"Basic Med" versus the Third Class Medical Certificate

The FAA made some changes to its medical requirements for private pilots as of May 1, 2017 that are commonly referred to as "Basic Med." Angel Flight West does accept Basic Med as a qualification for serving as a Command Pilot on an Angel Flight mission.

If you are a new member or have not yet completed your Command Pilot Orientation, you will provide documentation of medical certification as a part of the Orientation, either your First, Second or Third Class Medical Certificate, or documentation that you meet the FAA's medical requirements under the new FAR Part 68.

If you are already a Command Pilot, you can fly an Angel Flight as a Command Pilot as long as you meet the requirements specified in 61.113(i) of the FARs for that flight.

For your information, the Air Care Alliance has provided a brief overview of Basic Med as it applies to Charitable Flying Organizations like Angel Flight West. If you are interested in how the Air Care Alliance has interpreted the new regulations as it pertains to Charitable Flying Organizations, and why Angel Flight West has allowed Basic Med as medical qualification, please review the Air Care Alliance report.

Background Information From the Air Care Alliance

Pursuant to §61.113(i) of the FARs, private pilots will be able to exercise the privileges of their pilot certificate without a medical certificate effective May 1, 2017. In order to do so, pilots will have to comply with the medical requirements contained in a new FAR Part 68, known as BasicMed.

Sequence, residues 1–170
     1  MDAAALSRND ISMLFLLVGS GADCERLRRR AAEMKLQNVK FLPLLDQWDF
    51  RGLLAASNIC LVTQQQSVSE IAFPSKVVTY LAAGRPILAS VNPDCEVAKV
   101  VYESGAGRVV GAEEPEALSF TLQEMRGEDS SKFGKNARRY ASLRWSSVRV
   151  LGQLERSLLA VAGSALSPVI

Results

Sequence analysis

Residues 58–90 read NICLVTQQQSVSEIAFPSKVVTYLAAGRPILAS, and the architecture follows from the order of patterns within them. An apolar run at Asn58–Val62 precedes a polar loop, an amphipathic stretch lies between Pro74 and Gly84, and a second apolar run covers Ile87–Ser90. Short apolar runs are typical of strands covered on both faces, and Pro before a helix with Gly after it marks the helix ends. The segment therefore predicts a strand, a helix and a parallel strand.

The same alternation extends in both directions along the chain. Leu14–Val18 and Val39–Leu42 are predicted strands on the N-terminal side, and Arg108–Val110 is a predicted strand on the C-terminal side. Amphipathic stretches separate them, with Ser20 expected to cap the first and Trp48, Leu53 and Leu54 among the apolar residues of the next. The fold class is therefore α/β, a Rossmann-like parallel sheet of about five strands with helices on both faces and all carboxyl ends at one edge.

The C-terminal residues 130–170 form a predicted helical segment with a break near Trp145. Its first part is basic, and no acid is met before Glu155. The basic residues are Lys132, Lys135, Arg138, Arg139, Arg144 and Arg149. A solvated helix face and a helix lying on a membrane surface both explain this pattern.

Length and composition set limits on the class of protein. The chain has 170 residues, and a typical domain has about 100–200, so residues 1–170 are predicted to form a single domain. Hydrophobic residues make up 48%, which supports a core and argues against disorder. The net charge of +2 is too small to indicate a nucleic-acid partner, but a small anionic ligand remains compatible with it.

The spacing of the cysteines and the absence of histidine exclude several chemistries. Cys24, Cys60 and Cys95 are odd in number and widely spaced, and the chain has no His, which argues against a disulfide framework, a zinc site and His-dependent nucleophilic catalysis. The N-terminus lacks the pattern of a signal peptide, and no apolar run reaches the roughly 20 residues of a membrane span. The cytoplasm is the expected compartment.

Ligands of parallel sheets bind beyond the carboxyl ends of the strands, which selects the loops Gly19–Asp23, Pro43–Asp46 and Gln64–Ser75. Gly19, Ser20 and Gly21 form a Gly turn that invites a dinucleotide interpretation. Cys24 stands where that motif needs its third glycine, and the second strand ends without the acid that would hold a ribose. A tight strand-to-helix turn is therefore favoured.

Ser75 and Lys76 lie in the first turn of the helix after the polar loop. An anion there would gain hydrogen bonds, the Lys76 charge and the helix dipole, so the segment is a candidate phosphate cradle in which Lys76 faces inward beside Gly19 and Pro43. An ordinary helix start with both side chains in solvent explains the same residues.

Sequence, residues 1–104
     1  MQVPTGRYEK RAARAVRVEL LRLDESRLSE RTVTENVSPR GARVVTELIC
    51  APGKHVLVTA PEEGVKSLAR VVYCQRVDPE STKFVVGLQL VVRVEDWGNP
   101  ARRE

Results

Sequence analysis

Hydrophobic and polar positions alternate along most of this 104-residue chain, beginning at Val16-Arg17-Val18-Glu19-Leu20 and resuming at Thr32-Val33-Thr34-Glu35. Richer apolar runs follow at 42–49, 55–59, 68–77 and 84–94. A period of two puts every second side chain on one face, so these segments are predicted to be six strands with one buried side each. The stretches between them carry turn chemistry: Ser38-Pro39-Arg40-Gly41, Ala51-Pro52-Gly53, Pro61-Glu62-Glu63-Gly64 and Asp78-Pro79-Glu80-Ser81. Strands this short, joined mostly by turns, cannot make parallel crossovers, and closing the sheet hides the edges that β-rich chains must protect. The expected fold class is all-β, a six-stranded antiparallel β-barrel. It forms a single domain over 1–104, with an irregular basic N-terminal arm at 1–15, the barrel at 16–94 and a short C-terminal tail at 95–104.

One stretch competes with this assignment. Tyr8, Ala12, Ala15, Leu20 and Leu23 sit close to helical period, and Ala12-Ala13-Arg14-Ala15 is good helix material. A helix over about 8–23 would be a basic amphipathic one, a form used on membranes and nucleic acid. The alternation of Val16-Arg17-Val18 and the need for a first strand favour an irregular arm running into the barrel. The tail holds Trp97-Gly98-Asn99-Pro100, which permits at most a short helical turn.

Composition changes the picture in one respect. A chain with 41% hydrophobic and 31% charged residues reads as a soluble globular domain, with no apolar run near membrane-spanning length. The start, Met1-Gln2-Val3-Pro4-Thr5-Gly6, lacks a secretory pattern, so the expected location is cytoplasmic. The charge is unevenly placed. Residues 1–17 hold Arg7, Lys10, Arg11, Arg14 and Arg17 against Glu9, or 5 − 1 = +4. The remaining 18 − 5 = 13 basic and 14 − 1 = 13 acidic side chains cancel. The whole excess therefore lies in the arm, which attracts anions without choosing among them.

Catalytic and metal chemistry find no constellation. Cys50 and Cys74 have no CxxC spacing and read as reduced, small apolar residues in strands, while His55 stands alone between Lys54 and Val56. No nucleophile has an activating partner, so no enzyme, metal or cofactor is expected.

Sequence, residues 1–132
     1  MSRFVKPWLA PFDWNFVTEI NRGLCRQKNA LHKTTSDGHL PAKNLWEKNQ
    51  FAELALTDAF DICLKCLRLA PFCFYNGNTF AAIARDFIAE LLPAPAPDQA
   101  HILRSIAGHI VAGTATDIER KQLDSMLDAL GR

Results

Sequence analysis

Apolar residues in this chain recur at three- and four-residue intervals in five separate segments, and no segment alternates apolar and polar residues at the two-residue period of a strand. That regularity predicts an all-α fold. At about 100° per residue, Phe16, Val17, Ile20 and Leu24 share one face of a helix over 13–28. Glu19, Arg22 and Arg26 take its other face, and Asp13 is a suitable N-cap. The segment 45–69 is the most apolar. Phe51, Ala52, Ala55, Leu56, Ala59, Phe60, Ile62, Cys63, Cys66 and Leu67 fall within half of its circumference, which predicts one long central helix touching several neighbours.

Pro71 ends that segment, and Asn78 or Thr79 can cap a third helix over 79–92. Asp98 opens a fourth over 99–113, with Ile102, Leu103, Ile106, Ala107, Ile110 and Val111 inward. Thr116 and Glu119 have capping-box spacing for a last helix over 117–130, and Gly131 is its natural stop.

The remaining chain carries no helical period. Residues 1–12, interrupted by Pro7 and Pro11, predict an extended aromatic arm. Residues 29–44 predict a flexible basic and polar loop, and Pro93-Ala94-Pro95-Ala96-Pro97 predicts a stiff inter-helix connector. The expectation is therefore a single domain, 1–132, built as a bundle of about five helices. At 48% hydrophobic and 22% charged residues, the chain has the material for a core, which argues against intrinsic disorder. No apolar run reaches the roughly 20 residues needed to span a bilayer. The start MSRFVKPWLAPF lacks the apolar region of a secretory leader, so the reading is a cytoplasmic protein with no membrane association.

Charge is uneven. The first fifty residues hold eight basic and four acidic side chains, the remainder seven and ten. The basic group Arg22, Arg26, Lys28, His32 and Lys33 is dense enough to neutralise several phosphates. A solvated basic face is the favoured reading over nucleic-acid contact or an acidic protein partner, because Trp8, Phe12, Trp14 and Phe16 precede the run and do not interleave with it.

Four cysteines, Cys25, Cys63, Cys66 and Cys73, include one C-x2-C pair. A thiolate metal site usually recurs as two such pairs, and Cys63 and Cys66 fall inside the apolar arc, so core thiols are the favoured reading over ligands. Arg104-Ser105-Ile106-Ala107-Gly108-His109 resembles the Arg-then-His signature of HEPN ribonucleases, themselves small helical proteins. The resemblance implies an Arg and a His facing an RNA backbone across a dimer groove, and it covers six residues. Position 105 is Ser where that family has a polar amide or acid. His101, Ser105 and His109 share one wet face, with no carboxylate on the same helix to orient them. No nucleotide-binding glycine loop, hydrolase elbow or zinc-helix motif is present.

BasicMed is an alternative to a 3rd Class Medical Certificate issued by the FAA. Pilots will have the option of complying with the BasicMed regulations or continuing to obtain their medical certificates as in the past. In addition to a physical examination and certification by any licensed physician every 4 years, pilots will have to complete a course on aero-medical issues every 24 months.

In general, pilots must have held a valid Medical Certificate at any point after July 14, 2006 which has not been suspended or revoked and their most recent application for a Medical Certificate must not have been denied, suspended or revoked.

There are also restrictions as to the aircraft and operations under which pilots can operate with BasicMed.  In summary: Aircraft must be authorized by the FAA to carry not more than six occupants and its maximum certified takeoff weight cannot exceed 6,000 pounds. Flight operations are limited to the United States including Puerto Rico and US possessions. No flight may be conducted in excess of 250 knots or above 18,000 feet MSL.

The above is a summary and there are many other important details. Therefore, pilots must become familiar with the BasicMed regulation at FAR 61.113(i) and through FAA Advisory Circular AC 68.1 which can be found at:


and/or information provided by AOPA at:


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